The Daiwa Stream Twitcher 38UL may be the most fun spinning rod you'll ever use. It's a headwaters / little blue line rod that will let you fish where no one else can!
(Actually, the rod is the Daiwa Silver Creek Stream Twitcher 38UL, but that name is longer than the rod!)
The feedback I've gotten over the last ten years clearly shows that lots of tenkara anglers are interested in little headwaters streams. The feedback I got over the last few years clearly showed that a lot more tenkara anglers are interested in ultralight spin fishing than I had expected or even imagined.
I had thought that tenkara anglers and spin fishermen would be two fairly distinct and separate populations. They're not. The attraction seems to be ultralight - but whether it is ultralight fly fishing (tenkara) or ultralight spin fishing may not matter that much to a lot of people - certainly to a lot more people than I had expected.
And that is why this spinning rod is on the TenkaraBum site. I've known for a long time that a lot of tenkara anglers fish headwaters, and I know now that a lot of tenkara anglers fish with ultralight spinning rods. I am betting, though, that almost no one knows they can fish the headwaters with a spinning rod, or that a spinning rod specifically designed for headwaters streams even exists.
The Daiwa Stream Twitcher 38UL is just 3'8" long - which is very short for a spinning rod. However, it was made that short specifically for fishing in narrow, overgrown headwaters streams. Streams where you can't easily cast a 5' rod. Streams where not only is there no room for an overhand cast, in places there's no room for a sidearm cast. A lot of your casts will be underhand. Point the rod tip at your toes and then flick it forward.
You are not casting for distance, you are casting for accuracy. And as often as not, you are casting under low branches. (Some of the nicest fish I have ever caught were right under branches, making casting to them extremely difficult.)
Even though the Daiwa Stream Twitcher 38UL is a short little rod, it is not a toy. When matched with a reel that has a good drag, it can handle much larger fish than you will ever hook in the headwaters!
I am not trying to position this as a rod for the main stream. You should understand, though, that if you want to fish the little feeder streams and the main stream both, you can do it with one rod (and if you happen to hook a bruiser, the rod can handle it).
Catching big fish, though, is not what a headwaters rod is all about. Mostly, you will catch 5-7 inchers and you'll want it to be fun. With the Daiwa Stream Twitcher 38UL it will be fun to catch the 5 inchers. It is a fast rod with a relatively soft tip, so it doesn't take a big fish to put a bend in it.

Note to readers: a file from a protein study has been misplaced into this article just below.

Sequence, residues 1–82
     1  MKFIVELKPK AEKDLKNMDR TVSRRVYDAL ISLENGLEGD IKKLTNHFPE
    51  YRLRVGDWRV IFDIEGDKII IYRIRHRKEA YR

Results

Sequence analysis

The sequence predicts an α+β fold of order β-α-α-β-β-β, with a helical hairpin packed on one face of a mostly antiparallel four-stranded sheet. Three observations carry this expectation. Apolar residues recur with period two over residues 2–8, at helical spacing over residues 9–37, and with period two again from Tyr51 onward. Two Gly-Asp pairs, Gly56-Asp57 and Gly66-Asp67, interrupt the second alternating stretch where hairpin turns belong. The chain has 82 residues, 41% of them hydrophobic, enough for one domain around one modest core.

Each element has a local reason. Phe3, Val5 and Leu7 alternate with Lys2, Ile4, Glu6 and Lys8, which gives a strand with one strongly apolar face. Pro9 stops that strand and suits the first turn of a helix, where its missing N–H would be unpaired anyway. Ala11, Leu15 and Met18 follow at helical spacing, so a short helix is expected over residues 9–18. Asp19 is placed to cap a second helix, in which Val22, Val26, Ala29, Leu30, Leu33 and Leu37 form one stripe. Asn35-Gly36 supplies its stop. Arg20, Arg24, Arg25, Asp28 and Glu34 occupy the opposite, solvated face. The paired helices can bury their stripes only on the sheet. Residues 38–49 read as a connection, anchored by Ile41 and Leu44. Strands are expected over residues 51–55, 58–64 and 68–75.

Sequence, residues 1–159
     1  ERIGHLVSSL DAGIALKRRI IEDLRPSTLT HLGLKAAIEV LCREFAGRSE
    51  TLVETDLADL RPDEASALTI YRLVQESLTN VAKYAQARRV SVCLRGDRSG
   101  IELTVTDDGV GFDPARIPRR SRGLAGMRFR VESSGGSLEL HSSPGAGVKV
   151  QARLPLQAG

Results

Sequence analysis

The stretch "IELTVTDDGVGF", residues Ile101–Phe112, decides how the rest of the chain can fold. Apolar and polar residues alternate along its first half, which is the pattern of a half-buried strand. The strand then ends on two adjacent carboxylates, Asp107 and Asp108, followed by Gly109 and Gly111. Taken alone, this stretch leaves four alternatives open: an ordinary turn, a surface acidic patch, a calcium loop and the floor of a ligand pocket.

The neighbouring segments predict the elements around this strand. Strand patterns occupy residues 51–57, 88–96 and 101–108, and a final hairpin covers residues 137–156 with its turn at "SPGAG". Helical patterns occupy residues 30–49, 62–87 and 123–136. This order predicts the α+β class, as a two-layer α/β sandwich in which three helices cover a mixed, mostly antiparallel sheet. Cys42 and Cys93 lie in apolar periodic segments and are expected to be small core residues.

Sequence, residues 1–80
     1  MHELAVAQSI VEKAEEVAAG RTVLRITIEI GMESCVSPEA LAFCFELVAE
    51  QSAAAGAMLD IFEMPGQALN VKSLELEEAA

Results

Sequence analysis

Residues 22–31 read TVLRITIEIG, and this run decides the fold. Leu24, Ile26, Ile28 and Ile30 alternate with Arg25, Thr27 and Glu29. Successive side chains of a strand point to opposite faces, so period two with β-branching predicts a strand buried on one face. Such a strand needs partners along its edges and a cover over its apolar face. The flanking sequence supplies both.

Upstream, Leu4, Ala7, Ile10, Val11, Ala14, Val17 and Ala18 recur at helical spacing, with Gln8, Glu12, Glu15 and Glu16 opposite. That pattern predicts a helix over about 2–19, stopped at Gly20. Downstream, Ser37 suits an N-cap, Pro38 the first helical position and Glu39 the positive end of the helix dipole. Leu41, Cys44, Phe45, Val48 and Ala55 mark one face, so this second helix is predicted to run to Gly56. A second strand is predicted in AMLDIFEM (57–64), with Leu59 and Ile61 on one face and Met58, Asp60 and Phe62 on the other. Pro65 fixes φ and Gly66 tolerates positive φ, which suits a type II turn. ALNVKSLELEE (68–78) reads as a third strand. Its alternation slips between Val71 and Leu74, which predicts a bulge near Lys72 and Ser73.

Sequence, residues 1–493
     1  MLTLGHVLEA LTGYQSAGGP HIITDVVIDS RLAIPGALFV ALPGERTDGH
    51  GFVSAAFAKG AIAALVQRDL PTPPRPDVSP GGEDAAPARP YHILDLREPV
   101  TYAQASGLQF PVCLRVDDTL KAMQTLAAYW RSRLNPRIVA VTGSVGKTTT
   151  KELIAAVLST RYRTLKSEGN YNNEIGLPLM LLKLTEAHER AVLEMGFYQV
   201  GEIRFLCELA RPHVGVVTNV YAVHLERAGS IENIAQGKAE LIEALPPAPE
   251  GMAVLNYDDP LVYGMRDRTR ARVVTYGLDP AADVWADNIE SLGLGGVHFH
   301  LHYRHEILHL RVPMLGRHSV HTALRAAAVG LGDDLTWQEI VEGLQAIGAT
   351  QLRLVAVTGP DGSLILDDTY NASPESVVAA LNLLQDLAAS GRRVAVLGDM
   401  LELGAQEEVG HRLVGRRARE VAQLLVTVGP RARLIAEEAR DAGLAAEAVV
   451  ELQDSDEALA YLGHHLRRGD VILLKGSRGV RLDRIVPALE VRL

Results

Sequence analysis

One of the best things about the rod - certainly from a tenkara angler's point of view - is that it's a two piece rod and is under 23" long when broken down. That's shorter than the Suntech Kurenai. The rod fits in the Medium Rod Case!
I have had more than one person ask for a backpack spinning rod, and one guy said he wanted to carry two rods, a tenkara rod for the little streams and a spinning rod for the lakes. It would be very reasonable to pack a tenkara rod and the Stream Twitcher 38UL! For that matter, though, the Daiwa Stream Twitcher 38UL can do double duty. You can cast far enough to catch fish in the alpine lakes and cast light lures accurately enough to catch fish the little streams that flow out of the alpine lakes.
Daiwa rates the rod for lines ranging from 2 lb to 6lb, and for lures ranging from 1.5g to 7g. In small streams, I have done very well with the Shimano Slim Swimmer 1.5g spoons and Smith AR-S 1.5g spinners. That said, I've also done surprisingly well catching small trout with 4g spinners. It is nice to know the rod can handle a wide range of lures and lines.
I can't imagine wanting to use line stronger than 6 lb in a stream so small I'd want to use a 3'8" rod. Similarly, I can't imagine wanting to use lures heavier than 7g. On the other hand, the rod's action is soft enough that I am sure it could cast the Daiwa Presso Eve 1.2 gram spoons very well indeed.
My favorite lures for small streams are small spoons. Because of their action and flash, they definitely attract fish better than a fly like a Killer Bugger, and spoons cause much less line twist than spinners. Plus, all the small spoons on the Finesse-Fishing.com site come with single hooks (and most are barbless).
There are a number of small spoons on the Finesse-Fishing site that weigh from 1.2 to 2.2 grams and will work well in the headwaters. Heavier lures will cast further, but they'll make more disturbance when they hit the water and in most cases you don't have to cast very far.
Silver Creek Stream Twitcher 38UL
If you have ever wanted to do a little spin fishing in really tiny streams - tiny enough that no one else fishes them, consider the Daiwa Stream Twitcher 38UL. It will be an eye opener!
For a rod as light and short as the Daiwa Stream Twitcher 38UL it will feel best to pair it with a light reel. If you are going to fish the main stream as well as the feeder streams, you will want a reel with a very good drag (you could hook a 20" fish, but with a good drag you could land it).
I would suggest the Shimano Soare CI4+ 500S. It weighs only 4.9 oz. It has eight ball bearings and one roller bearing. The gear ratio is 5.6:1. One turn of the handle retrieves 27" of line. Line capacity is more than you'll ever need (115m of 2#, 100m of 2.5# or 70m of 3#). Maximum practical drag is 4.4#. (More than your practical line strength!)
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